Despite what you may have heard, plastics recycling is not dead. There are plenty of successful companies that recycle post-consumer and post-industrial plastics.
I've been seeing a lot of news stories declaring that plastics recycling is a myth. They are the result of a Greenpeace report, released in October, "Circular Claims Fall Flat Again." Pallet Maker Machine
The reports cite low recycling rates and issues facing recyclers. Once you get past the hyperbole, some of the stories are well reported. But the hyperbole is a problem.
The media is telling consumers that it's a waste of time to recycle plastics because most plastics aren't recycled. But the fact is that there's plenty of demand for high-quality recycled plastics. Supply and demand are cyclical, but over the long term, demand for post-consumer plastic is growing, thanks to both voluntary and mandated recycled-content goals.
But quality is important. Processors can't put garbage into their extruder or injection press and expect to make a valuable product.
I'm not blaming consumers for plastics' low recycling rate. That's largely an industry problem. A lot of plastics — even single-use plastics — can't be collected and recycled profitably. That's typically the result of a conscious decision to use or design products based on factors other than recyclability, like cost or convenience.
My advice: When that's the case, don't pretend that the product is recyclable. Because while everything is technically recyclable, life would be a lot easier for recyclers if they only had to deal with plastics that can be collected and recycled profitably.
I hope that someday we'll have an infrastructure where consumers can put all plastics in their curbside bins, and it will all be recycled economically. But despite hyperbole — this time on the part of industry, not the media — we aren't there yet.
For readers interested in more detailed insight on the Greenpeace report, I recommend Steve Toloken's coverage in Plastics News and Marissa Heffernan's story in Resource Recycling.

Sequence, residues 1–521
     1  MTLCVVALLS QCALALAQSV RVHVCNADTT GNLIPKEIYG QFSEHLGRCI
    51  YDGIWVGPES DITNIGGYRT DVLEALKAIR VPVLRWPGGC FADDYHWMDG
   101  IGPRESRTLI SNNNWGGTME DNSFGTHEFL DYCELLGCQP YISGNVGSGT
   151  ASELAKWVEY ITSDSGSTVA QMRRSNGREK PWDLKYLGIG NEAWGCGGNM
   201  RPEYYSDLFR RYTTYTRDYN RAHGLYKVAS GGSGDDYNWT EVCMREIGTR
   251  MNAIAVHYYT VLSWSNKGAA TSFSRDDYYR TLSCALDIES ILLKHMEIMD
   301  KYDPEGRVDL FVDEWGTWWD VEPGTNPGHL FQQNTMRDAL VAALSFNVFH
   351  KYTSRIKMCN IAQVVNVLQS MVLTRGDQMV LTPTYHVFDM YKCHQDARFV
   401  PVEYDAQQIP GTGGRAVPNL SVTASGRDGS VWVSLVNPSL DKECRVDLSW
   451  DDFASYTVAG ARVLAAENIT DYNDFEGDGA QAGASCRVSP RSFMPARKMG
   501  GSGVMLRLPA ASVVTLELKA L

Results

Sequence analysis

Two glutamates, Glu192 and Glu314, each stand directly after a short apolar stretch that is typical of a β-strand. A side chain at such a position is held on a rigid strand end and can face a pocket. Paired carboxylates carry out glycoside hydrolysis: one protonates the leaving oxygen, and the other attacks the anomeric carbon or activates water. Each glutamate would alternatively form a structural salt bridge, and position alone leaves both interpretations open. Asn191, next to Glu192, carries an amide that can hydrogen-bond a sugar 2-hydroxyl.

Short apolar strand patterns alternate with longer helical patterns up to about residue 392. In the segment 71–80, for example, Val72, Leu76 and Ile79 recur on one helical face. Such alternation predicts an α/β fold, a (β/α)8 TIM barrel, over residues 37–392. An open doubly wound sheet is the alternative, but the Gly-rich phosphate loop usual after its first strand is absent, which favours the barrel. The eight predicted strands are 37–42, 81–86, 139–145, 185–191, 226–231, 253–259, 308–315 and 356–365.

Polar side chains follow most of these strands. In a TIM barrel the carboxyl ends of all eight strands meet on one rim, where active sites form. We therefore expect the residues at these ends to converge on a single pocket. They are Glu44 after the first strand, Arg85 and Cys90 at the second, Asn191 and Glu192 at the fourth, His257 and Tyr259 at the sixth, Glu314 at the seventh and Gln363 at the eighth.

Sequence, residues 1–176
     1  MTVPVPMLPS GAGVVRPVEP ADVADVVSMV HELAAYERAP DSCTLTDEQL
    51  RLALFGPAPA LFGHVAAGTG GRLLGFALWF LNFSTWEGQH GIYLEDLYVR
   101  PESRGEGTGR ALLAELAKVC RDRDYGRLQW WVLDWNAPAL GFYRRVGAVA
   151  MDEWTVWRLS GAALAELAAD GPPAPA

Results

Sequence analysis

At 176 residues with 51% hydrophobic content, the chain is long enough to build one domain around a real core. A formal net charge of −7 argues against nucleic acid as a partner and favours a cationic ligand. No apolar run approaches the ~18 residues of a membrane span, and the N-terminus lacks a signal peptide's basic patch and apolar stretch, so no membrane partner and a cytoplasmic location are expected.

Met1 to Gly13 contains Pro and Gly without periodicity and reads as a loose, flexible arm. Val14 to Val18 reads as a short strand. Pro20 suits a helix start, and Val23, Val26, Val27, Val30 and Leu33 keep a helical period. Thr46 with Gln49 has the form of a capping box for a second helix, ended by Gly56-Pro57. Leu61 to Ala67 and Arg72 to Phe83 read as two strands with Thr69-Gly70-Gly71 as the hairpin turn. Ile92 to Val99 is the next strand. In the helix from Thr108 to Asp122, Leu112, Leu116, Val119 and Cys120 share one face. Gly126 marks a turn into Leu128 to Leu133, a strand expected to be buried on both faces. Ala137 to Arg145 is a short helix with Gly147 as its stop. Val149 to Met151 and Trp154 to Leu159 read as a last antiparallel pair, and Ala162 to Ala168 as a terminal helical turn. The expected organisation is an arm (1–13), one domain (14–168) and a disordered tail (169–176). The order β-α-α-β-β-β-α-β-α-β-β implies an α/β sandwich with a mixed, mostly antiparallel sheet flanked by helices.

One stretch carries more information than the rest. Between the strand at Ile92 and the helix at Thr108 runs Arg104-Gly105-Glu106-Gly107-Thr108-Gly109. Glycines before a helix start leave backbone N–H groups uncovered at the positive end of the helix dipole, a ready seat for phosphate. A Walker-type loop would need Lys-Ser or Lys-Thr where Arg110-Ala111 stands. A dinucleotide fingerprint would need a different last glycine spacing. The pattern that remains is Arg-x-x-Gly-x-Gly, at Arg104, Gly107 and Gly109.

Don't look to me for advice on fashion. I'm still occasionally sent to my room to change before I appear in public. But take it from the venerable The Telegraph newspaper: Rain bonnets are in style.
Yep, those clear plastic caps that your grandmother wore to protect her permed or styled hair are popular again.
In London, cheap bonnets sell for a couple of bucks for a package of three. But why not splurge and spend £300 on a fancy designer one?
When you see your favorite Instagram influencer wearing a plastic bonnet, just remember you read it first in Kickstart.
On Friday, Dec. 2, global celebrities will gather in Boston to announce the winners of the annual Earthshot Prize. The award, and a cash prize of more than $1 million, recognizes inventors working to combat climate change.
Two of the 15 finalists this year have a plastics angle: a bubble barrier designed to stop plastic from going into the ocean, and a plastic substitute made from seaweed.
Prince William announced the finalists on Nov. 3, and he'll be joined by quite a few A-list celebs for the ceremony this week.
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